Historic Airfields

Lincolnshire Aviation Heritage Center-East Kirkby

March 30, 2019

Lincolnshire Aviation Heritage Center-East Kirkby is a privately operated and owned Museum that was established by two brothers, Harold and Fred Panton. The Museum was built as a memorial for and tribute to Bomber Command and their older brother Christopher who was killed during a British bombing raid over the German city of Nuremberg in March 1944.

The brothers wanted to visit their brother’s grave in Germany but father Panton told them not to do so as he wanted “nothing to do anymore with the bloody war”. It wasn’t until the 1970s that Mr. Panton asked his son Fred to “go to Germany and bring home a photograph of Christopher’s grave”. It goes without saying that Fred did so as soon as he had a chance.

These memorable days reignited Fred’s interest in all that had happened in War War II and when finally the Avro Lancaster NX611 Bomber was for sale, it was bought by the Panton brothers and brought back to their field in East Kirkby.

Initially, the brothers wanted to keep it just for private purposes, but later, suggestions were made that they should not keep it away from the public and turn it into a showpiece for all. So that’s how the Lincolnshire Aviation Heritage Center was set up and the Lancaster NX611 “Just Jane” and the Control Tower became the centerpieces.

The Museum then opened its doors in 1988 and has since hosted numerous visits from so many famous folks from both the aviation world and the international show-biz scene. The British and international aviation world is extremely proud of what the Panton Brothers accomplished at the Heritage Center, actually one of the biggest British independent museums that survive without any funding or subsidies.

The Museum aims to preserve its interesting artifacts, expand its collection, and continue to educate future generations about the sacrifices of British servicemen and women and the crucial role of Bomber Command. This website highlights more museums dedicated to honoring WW II servicemen and women. Check out also this review of the North Weald Airfield Museum.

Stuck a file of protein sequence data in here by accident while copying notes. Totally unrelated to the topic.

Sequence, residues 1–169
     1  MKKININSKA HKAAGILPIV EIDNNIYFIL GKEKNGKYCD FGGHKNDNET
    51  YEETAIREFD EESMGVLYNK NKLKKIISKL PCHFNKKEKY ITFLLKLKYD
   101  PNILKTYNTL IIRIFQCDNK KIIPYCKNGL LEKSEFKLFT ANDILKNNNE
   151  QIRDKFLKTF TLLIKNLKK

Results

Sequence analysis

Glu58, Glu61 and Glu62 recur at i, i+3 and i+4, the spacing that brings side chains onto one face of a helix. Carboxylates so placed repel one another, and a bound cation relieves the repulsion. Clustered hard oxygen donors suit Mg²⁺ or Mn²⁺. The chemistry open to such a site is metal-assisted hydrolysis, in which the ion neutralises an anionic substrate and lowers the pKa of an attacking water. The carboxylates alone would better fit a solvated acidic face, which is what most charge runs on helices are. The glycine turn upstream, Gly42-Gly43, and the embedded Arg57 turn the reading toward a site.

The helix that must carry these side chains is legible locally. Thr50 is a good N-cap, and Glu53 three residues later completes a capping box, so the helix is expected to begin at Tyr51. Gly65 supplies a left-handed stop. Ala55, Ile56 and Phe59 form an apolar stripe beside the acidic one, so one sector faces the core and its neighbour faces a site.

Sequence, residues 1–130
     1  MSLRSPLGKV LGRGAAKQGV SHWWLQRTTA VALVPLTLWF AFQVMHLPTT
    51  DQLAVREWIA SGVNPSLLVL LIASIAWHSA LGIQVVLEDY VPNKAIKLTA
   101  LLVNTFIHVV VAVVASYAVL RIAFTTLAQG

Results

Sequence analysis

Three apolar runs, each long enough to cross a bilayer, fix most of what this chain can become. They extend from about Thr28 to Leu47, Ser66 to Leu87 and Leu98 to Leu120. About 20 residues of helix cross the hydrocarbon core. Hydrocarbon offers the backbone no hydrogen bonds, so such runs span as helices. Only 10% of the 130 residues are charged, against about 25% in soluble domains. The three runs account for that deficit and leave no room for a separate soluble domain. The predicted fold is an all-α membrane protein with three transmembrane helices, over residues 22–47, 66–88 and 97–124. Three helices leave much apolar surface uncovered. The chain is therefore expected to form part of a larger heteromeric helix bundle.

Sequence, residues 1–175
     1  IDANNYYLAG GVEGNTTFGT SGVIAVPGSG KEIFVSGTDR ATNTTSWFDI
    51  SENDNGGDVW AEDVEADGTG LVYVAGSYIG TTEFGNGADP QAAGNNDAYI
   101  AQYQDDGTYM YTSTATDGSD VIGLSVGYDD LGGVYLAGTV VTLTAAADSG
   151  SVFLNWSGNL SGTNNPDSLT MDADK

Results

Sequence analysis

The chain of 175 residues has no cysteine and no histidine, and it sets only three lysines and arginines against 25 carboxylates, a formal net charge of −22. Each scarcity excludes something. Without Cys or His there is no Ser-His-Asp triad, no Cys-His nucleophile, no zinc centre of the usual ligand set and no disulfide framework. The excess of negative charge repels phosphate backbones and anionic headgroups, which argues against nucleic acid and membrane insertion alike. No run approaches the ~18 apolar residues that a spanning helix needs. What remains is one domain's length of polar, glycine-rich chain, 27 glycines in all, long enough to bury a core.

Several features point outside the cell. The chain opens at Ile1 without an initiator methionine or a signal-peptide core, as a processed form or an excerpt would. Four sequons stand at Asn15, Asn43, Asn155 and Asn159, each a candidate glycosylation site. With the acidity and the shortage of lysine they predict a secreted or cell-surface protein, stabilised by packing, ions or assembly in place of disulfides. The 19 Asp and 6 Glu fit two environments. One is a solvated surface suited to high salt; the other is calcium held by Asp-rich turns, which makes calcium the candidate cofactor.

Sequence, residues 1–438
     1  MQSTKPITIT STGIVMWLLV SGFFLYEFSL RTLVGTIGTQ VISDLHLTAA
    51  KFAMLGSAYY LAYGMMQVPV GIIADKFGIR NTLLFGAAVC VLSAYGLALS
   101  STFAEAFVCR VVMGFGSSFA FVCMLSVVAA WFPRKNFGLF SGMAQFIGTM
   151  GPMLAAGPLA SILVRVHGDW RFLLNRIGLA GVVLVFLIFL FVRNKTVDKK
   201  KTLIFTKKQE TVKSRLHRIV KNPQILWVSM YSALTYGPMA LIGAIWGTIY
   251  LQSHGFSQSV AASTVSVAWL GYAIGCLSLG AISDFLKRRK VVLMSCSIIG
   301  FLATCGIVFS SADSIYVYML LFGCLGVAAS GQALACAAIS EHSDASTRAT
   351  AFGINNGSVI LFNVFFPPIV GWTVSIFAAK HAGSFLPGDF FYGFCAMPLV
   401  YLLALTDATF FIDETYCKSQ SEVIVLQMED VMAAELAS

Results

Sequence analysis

The Lincolnshire Aviation Heritage Center has been around now for more than 30 years and it is widely regarded as a living tribute and memorial to the more than 55,500 men of Bomber Command that gave their lives in WW II. The collection includes an extremely rare aircraft of those days (the Avro Lancaster Bomber “Just Jane”) together with many rare vehicles that were used in those days of war such as a beautiful WOT1 Ford Crew Bus. This is the only one of this vehicle type that’s in existence, as far as we know. Just watch this video of the “Just Jane” Lancaster starting the four Merlin engines and taxying around the airfield:

As the Panton brothers say, “We have the feeling that Bomber Command in Britain never really was given the recognition and respect it deserves. That’s why we feel it’s our job and duty to educate the British population, young and old, about the heroic acts and dedication demonstrated by Bomber Command all through World War Two.” The aircrews, all volunteers, had an average age of 22 and eventually, not even one in four of these volunteers was able to complete their first 30-operations tour. We will never be able to repay this debt that should never be forgotten. For an overview of Listed Historic UK Airfields, check out this post. 

The Museum is housed on the old RAF airfield of East Kirkby and includes the original RAF Control Tower and the Museum’s Hangar is located exactly on the site of the original wartime hangar. The Museum is themed completely around Bomber Command, however, the displays and exhibits are spanning many areas like “Escape and Evasion” and “The Home Front” which gives visitors a wide and interesting perspective on Britain, the trials, and tribulations in the days of the Second World War. See also this post about the History of RAF North Weald Airfield.

The Lincolnshire Aviation Heritage Center is expanding year after year and expresses the ambition to fully rebuild the site into an original and full wartime airfield that will preserve the memory of British servicemen/women and Bomber Command for years to come and educate the public about the heroic actions that were performed to defend Western Europe’s freedom. The Museum is reinvesting all operating profits into the fantastic site and the Lancaster while employing twenty staff members.

The Lincolnshire Aviation Heritage Center is the only British Airfield Museum recreated on an original airfield operational in WW II. Visitors get a true idea and the best atmosphere of what life it would be like in those days and why that matters, not only to the people who run the Museum but also to all interested visitors.

The Museum boasts an original and one-of-a-kind Avro Lancaster NX611 Bomber (“Just Jane”), an aircraft that frequently makes 4-engine taxi runs (see videos) and this site is the only location in the world where you can witness this happening on an original WW II airfield. This is unique to the Museum and actually the only place where this can be done in Europe. You may even take a ride in the Museum’s Lancaster! For information about RAF Polebrook Airfield and the 35qst U.S. Bomb Squadron that flew so many sorties over enemy occupied territory 1n the years 1943-45, read this page about the airfield.

The Museum holds several events and if you visit the interesting Heritage Center on a flying day, you’ll be able to see grass runway in operation. The Museum is open all year round with the exception of a period over Christmas and New Year and it is closed on Sundays.